3. remedies that reinstate victims in their initial position to exercise their right are not available for every type of breach under the CVRA.

Thus, for many rights, particularly for those that create positive obligations for the government, no explicit remedies are detailed in case of breach. Therefore, possible remedies are left to the discretion of the courts. In those instances, courts have generally exercised a certain level of deference in relation to the remedies provided.

For instance, in cases of notification breaches under the CVRA, remedies are generally only provided for future breaches. In US v Rubin,Footnote 39 following a breach to notify a victim of her rights, the court suggested that given the lack of any violation of substantive CVRA rights, the Court perceived the government's misstep on notice as the sort that is remediable only prospectively and not retrospectively. In Turner,Footnote 40 following a breach of notification related to proceedings, the Court directed the government to provide all alleged victims a written summary of the proceedings to date as well as notification of their rights under the statute with respect to future proceedings, including notice of the next proceedings and their right to be heard. Finally, in re DeanFootnote 41, although the appellate court recognised that victims were not notified or consulted by the government attorney prior to reaching a plea agreement, the judge suggested that this would not have affected the plea's outcome and highlighted that the mandamus standard was not met. Consequently, it did not see fit to allow the relief of rejecting the plea.

In brief, under the CVRA, courts have generally been more inclined to provide remedies for participatory rights in criminal proceedings following court violations of rights, but have been much less inclined to provide for prosecutorial (governmental) breaches, or breaches that do not affect the outcome of proceedings.


This brief comparative overview of rights, enforcement mechanisms, and remedies suggests that victims' rights and enforcement mechanisms have evolved very differently in both jurisdictions under analysis. Whilst rights and enforcement mechanisms in England and Wales have mainly developed outside criminal proceedings, in the federal American jurisdiction, victims have been recognised as direct participants within these proceedings, and remedies are generally provided within these proceedings. A deeper analysis of their implementation on the ground is warranted for the understanding of these mechanisms and is currently being explored in the author's doctoral research.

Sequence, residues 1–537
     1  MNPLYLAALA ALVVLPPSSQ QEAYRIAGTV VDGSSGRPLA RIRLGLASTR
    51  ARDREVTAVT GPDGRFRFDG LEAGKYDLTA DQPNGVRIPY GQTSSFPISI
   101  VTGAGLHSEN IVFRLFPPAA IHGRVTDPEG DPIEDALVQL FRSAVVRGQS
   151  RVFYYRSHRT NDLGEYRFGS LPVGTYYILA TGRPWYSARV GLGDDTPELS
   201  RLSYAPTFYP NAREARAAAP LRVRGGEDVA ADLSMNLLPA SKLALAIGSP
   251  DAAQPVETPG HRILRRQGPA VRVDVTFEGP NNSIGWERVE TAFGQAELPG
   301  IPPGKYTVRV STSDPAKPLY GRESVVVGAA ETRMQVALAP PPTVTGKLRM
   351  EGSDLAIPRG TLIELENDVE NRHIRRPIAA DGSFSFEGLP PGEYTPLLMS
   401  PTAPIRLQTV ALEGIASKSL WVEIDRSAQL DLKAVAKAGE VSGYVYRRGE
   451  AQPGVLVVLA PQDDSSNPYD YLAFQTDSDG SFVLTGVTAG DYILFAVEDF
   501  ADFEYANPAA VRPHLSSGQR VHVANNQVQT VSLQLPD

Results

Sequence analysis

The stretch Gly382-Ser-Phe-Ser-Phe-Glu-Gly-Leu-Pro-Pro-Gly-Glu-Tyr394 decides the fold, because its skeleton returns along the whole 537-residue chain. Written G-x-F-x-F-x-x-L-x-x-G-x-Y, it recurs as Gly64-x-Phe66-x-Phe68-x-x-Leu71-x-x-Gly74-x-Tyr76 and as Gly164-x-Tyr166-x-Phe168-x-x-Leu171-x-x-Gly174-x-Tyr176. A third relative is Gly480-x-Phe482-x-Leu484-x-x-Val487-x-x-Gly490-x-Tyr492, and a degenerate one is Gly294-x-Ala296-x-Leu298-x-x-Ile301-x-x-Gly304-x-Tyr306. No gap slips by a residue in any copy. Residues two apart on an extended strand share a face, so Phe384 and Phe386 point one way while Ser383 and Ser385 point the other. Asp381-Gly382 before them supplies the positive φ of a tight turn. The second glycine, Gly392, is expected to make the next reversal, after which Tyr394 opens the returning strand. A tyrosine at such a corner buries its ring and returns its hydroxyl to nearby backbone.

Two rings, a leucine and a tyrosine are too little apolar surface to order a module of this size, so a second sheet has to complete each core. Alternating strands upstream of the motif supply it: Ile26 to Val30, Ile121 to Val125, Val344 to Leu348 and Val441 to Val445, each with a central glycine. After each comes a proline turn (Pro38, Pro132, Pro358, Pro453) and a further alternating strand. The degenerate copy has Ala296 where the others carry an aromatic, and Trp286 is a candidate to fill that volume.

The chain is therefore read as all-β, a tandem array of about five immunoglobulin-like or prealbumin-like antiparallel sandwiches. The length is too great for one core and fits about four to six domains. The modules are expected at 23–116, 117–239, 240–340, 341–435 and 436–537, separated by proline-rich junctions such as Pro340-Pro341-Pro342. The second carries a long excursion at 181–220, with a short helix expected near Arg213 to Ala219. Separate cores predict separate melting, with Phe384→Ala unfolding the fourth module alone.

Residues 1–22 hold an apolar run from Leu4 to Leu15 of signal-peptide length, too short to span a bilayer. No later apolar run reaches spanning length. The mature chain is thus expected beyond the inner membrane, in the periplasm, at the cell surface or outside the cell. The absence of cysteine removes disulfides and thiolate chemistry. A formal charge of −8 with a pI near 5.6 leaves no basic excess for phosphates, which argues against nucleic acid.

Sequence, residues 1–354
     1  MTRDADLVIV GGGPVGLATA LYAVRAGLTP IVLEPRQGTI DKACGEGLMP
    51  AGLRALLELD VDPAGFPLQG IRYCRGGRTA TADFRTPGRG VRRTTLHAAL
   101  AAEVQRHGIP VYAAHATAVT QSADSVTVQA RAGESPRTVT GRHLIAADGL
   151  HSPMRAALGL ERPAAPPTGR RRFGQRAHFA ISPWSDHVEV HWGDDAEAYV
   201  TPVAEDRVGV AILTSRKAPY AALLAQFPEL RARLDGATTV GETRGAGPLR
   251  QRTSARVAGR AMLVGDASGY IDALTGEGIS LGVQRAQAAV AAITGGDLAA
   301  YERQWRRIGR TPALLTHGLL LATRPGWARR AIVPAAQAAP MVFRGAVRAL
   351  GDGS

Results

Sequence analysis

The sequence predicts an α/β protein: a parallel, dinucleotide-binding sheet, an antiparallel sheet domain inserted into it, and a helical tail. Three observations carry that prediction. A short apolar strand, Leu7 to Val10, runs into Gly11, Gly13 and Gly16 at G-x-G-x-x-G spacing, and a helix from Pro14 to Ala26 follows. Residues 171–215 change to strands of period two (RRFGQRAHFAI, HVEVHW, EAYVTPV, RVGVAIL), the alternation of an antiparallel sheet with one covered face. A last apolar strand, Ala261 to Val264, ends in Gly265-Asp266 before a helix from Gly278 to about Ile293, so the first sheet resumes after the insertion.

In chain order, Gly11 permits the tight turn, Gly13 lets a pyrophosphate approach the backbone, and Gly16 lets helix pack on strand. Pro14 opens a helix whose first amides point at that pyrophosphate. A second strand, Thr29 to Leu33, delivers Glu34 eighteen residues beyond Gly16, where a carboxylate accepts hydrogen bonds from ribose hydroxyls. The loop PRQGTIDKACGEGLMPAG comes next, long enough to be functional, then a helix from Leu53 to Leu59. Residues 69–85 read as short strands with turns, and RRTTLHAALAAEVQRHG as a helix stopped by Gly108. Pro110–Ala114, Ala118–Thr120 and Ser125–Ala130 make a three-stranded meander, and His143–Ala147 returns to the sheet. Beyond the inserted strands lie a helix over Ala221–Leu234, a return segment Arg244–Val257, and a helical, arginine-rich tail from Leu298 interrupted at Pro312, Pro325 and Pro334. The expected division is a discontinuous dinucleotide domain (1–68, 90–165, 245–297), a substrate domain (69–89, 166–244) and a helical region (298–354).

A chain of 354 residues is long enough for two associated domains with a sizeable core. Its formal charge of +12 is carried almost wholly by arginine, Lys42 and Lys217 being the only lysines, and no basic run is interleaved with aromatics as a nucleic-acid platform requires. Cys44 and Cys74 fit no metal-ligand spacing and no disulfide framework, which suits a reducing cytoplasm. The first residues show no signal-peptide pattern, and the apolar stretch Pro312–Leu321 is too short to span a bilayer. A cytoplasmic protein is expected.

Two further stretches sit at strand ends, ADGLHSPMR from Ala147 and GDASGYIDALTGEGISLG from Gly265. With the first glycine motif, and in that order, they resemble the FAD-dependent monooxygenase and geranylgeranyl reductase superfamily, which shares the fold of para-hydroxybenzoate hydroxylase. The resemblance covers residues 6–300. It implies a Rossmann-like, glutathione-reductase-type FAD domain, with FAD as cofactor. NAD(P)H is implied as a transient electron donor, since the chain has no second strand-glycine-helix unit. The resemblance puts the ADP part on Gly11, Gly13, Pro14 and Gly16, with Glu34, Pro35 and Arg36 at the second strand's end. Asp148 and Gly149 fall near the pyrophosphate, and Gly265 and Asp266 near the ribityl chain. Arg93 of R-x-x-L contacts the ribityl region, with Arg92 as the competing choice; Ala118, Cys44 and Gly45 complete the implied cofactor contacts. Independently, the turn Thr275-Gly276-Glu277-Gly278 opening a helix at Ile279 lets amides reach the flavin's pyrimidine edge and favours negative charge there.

Finally, common law jurisdictions such as Canada can learn from these important differences and may find inspiration in the above models. However, it is important to bear in mind that each mechanism is shaped and implemented within a specific cultural context, and thus direct transplantation of one mechanism in a different jurisdiction will not necessarily produce the same outcomes.


  • Ashworth, Andrew, and Mike Redmayne. 2010. The criminal process. 4th ed. Oxford: Oxford University Press.
  • Beloof, Douglas, Paul Cassell, and Steven Twist. 2010. Victims in criminal procedure. 4th ed. Carolina Academic Press.
  • Kirkham, Richard. 2008. Explaining the lack of enforcement power possessed by the ombudsman. Journal of Social Welfare and Family Law 30(3): 253-263.
  • Manikis, Marie. 2012a. Navigating through an obstacle course: The complaints mechanism for victims of crime in England and Wales. Criminology and Criminal Justice 12(2): 149-173.
  • Manikis, Marie. 2012b. Recognizing victims' role and rights during plea bargaining: A fair deal for victims of crime. Criminal Law Quarterly 58(3-4): 411-441.
  • Mosteller, Robert P. 1999. The unnecessary victims' rights amendment. Utah Law Review 443-477.
  • Roberts, Julian V., and Marie Manikis. 2011. Victim personal statements: A review of empirical research. London: Victims and Witnesses Commissioner, England and Wales.
  • Roberts, Julian V., and Marie Manikis. 2012. Victim personal statements: Latest (and last) trends from the Witnesses and Victims Experience Survey in England and Wales. Criminology and Criminal Justice, in press.
  • Sanders, Andrew. 2002. Victim participation in an exclusionary criminal justice system. In New Visions of Crime Victims, ed. C. Hoyle and R. Young. Oxford: Hart Publishing.
  • Twist, Steven J. 1999. The crime victims' rights amendment and two good and perfect things. Utah Law Review 369.
Date modified: